DemDaily: In Defense of the Disabled
July 30, 2018
The civil rights movement has had many faces throughout history, but among the lesser known soldiers are Americans with disabilities.
It was not until July 26, 1990 that the first comprehensive civil rights act for people with disabilities, the Americans with Disabilities Act (ADA) was passed into law.
The Americans with Disabilities Act (ADA) prohibits discrimination and ensures equal opportunity for persons with disabilities in employment, state and local government services, public accommodations, commercial facilities, and transportation.
Today there are 57 million Americans who live with disabilities, representing nearly one-in-five people in this country. For the first time since the passage of the ADA 28 years ago, their rights are under outright assault.
The historic legislation was introduced by Senator Tom Harkin and signed into law by President George H.W. Bush on July 26, 1990.
"Nearly three decades ago, protesters with disabilities converged on the nation's capital to fight for one of the most important civil rights laws in our history - the Americans with Disabilities Act ... these brave protesters ascended the 83 steps of the United States Capitol - some even crawling to get to the top - so they could send a message to their representatives: no American should ever face discrimination based on their disability status." -- former Congressman Tony Coelho (D-CA), ADA Sponsor, and Chair, DNC Disability Council
The goal was to provide disabled American the same protections afforded under the Civil Rights Act of 1964 which made discrimination based on race, religion, sex, national origin, and other characteristics illegal.
The ADA was revised in 2008 under the ADA Amendments Act (ADAAA) to expand the definition of disabled.
|The ADA defines a person with a disability as "a person who has a physical or mental impairment that substantially limits one or more major life activity. This includes people who have a record of such an impairment, even if they do not currently have a disability. It also includes individuals who do not have a disability but are regarded as having a disability."|
Trump and his administration's disregard for the disabled is well documented.
In November, 2015 campaign speech, President Trump infamously mocked a disabled reporter who has arthrogryposis, a condition that limits joint function.
The American Healthcare Act (AHCA), the Republican's failed attempt last year to replace Obamacare, would have made significant cuts to services for the disabled under Medicaid.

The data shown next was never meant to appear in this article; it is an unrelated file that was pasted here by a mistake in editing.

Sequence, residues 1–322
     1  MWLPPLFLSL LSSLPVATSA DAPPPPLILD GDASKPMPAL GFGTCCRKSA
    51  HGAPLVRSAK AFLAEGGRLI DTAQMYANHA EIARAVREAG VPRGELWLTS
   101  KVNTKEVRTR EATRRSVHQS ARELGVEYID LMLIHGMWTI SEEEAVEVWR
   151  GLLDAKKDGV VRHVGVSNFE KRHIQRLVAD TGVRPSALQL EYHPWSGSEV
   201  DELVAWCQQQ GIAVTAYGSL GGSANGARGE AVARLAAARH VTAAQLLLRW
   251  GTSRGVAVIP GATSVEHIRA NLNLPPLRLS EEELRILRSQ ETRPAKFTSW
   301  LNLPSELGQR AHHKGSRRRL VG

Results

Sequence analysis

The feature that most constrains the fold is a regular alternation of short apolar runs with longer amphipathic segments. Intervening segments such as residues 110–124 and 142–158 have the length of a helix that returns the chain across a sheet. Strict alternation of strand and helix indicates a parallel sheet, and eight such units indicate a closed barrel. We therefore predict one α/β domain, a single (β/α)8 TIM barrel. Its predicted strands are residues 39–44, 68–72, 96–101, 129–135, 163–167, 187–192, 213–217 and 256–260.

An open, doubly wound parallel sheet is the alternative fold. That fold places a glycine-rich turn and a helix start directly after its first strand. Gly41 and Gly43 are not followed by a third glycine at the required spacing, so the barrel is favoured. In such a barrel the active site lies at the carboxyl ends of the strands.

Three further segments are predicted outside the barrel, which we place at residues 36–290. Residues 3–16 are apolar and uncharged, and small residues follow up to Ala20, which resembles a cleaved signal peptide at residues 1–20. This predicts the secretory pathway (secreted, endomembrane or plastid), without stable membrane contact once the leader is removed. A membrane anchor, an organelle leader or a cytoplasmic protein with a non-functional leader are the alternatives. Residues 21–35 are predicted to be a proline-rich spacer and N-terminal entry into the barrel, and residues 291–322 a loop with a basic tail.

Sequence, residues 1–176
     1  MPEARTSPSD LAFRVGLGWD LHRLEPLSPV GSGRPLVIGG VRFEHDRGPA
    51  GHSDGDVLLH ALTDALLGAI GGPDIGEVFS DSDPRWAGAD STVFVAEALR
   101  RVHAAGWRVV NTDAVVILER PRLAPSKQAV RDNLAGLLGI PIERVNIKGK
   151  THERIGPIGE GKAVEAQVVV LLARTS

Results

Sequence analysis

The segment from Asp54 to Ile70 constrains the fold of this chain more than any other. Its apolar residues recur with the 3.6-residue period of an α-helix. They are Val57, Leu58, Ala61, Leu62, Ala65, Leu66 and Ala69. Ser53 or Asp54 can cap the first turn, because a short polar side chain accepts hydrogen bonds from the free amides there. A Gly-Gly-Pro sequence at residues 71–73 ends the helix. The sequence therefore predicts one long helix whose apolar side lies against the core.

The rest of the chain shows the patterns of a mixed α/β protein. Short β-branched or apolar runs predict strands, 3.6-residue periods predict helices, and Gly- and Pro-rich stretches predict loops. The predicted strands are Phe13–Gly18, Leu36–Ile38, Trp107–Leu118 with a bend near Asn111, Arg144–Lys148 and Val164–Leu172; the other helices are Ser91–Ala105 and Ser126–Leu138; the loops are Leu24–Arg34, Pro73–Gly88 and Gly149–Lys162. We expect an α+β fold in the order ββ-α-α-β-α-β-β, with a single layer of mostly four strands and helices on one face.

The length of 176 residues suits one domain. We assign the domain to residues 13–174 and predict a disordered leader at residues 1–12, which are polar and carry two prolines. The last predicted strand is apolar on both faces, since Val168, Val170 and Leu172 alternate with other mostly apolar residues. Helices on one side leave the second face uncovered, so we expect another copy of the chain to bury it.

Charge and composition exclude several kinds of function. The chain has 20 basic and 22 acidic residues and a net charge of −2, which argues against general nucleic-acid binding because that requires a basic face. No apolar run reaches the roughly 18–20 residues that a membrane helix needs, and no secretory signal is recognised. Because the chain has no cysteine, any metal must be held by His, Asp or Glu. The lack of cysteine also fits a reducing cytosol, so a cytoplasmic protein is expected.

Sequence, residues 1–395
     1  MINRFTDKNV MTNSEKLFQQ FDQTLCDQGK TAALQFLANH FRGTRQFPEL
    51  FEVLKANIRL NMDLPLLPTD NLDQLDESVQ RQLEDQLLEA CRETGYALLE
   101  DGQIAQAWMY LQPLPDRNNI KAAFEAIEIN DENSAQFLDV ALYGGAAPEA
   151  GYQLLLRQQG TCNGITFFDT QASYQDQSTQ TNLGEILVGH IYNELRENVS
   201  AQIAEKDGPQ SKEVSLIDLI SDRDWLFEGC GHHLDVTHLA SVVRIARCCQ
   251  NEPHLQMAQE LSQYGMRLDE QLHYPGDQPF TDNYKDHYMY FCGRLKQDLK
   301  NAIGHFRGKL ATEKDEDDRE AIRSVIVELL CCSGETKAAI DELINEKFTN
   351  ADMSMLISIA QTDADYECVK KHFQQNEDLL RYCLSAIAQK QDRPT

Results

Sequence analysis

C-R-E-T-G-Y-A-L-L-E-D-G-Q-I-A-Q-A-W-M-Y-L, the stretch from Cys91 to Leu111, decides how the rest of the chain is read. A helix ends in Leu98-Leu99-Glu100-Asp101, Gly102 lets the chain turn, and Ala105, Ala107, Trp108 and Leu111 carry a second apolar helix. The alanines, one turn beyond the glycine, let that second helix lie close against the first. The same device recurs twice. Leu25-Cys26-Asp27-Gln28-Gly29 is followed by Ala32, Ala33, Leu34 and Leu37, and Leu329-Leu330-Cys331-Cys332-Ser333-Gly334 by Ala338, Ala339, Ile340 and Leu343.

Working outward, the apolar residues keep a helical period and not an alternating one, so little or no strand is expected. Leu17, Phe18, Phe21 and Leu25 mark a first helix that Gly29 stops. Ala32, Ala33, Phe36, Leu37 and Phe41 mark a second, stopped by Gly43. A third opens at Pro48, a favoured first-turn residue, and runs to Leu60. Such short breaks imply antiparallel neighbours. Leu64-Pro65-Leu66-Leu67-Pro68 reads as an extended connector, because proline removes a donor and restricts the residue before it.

In December, 2017, Attorney General Jeff Sessions rescinded ten guidance documents on disability rights that the Justice Department found "unnecessary, inconsistent with existing law, or otherwise improper." They included protections against workplace discriminati on and standards for service animals and building accessibility.Similarly, last Fall, Education Secretary Betsy Devos rescinded 70+ guidelines that protected disabled students, and under Housing and Urban Development (HUD) Secretary Ben Carson, scaled-back fair housing laws have resulted in the delay or dismissal of discrimination cases by disabled groups.
In February, the Republican-controlled House passed the ADA Education and Reform Act (HR 620), which removes corporate incentives for adhering to ADA guidelines, and creates barriers for victims seeking legal action against offending companies. The bill has not progressed in the Senate, thanks to the the efforts of Senator Tammy Duckworth (D-IL), a wheelchair-bound Iraq War veteran and frequent voice for the disabled.
Numerous bills to strip the rights of disabled citizens through the legislative process are underway, as are those seeking to preserve their protections, including the bipartisan Disability Integration Act, introduced by Chuck Schumer (D-NY) in the Senate, and John Sensenbrenner (R-WI) in the House. The DIA aims to ensure that disabled Americans have a right to live and receive services in their own homes.
It is ultimately up to the voters to protect the civil and human rights of all people, including those with disabilities. Let your voice be heard.
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Sources: The ADA National Network, ADA.gov, ADAPT, the Daily Dot, psmag.com, NDRN
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